Launch of the 2005 Report
I have the immense privilege to stand before you, just one doctor among so many in Africa who try in the course of their daily practice to save lives.
I am here because I was filmed by the BBC doing my regular work as an obstetrician in a developing country - in my country,Chad. The documentary shows two realities. One is the reality of the conditions in which we work to provide health care in many countries in Africa. The second is the more urgent - it is the reality that too many women die in Chad, as they do throughout Africa, of pregnancy-related complications.
These complications - hemorrhage, eclampsia, infection,obstructed labor and abortion complications - occur in Europe' Land North American as well as in the developing world. However,a woman's chance of dying in Chad is 1 out of 11, while in the United Kingdom, for example, it is 1 out of 5,100, because British women have good obstetric care whenever they need it. This is the tragic inequity between women living in poor versus rich countries.
My medical colleagues and I know exactly what to do to save our patients' lives. The necessary skills, equipment and supplies are not technically sophisticated.
So, why do poor women die?
Poor women in Africa die because the services they need to save their lives are too few and too far away. Even when women do get to a hospital, the services are too often of poor quality - drugs and supplies are not available, equipment is missing or broken,and staff are not adequately trained and supported. In short, the health system does not function as it must to save lives.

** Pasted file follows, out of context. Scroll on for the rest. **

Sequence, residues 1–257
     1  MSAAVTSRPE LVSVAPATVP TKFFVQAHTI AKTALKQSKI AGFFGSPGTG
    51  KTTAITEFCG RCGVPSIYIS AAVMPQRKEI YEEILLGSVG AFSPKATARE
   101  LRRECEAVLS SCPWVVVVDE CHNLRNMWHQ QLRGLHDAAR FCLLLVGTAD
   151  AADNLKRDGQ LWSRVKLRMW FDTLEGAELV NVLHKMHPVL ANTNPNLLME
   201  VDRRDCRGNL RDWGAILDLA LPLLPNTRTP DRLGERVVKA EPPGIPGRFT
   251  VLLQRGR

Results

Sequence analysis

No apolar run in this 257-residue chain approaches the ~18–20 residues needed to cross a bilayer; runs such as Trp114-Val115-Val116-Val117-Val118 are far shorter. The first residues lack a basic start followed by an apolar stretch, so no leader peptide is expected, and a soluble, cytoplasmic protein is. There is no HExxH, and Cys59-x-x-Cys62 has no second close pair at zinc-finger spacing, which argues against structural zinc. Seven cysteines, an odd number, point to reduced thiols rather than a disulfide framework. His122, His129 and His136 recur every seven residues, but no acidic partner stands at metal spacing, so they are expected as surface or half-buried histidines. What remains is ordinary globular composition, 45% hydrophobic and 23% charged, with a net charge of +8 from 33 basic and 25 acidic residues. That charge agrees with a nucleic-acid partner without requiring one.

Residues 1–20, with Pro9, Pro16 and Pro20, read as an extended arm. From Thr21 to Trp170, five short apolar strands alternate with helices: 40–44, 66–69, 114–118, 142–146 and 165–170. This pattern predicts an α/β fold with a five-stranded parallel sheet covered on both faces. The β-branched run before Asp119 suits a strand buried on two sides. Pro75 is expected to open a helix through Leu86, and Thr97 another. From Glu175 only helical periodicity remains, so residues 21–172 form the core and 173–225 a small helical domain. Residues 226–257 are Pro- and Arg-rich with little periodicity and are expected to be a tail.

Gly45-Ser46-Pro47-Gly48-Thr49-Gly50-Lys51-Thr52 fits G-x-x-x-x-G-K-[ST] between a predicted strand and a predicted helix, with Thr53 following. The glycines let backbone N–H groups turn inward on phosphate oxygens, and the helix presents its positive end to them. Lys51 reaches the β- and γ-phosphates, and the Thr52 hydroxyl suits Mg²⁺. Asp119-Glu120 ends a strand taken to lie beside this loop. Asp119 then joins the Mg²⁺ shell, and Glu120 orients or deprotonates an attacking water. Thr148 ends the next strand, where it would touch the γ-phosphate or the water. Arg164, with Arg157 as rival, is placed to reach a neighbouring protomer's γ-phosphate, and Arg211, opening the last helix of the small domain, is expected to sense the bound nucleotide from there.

The health system can, however, be improved, with immediate results.
I witnessed this in my hospital in Chad where French Cooperation provided supplies, allowing us to treat women immediately rather than waiting for their families to find money to buy supplies. While this assistance was available, we were able to save lives in a way that is not currently possible.
I have also seen health systems improved and women's lives saved in countries in Asia, Africa and Latin America where I work with Columbia University's AMDD Program. An important principle I learned and want to emphasize here is that the availability of staff, drugs and equipment is insufficient in themselves to improve systems and save lives. What is required is the combination of political will and adequate funds in add iti onto these technical improvements.
What more must be done?
The deaths of women and newborns are directly linked to underdevelopment and extreme poverty. Reducing poverty and developing infrastructure equitably are essential to saving lives.
Every partner has a role.
Governments must be accountable to their people.
Health professionals must be accountable to all the patients they serve.
I have come to understand that some health professionals neglect women who are poor or otherwise marginalized and we health professionals must combat this attitude by recognizing that all women have the right to good quality health care, no matter who they are and what their economic status may be.
The international community must be accountable to the developing world.
I leave you with two questions which are critical for all of us to consider if we want to see serious change by 2015.
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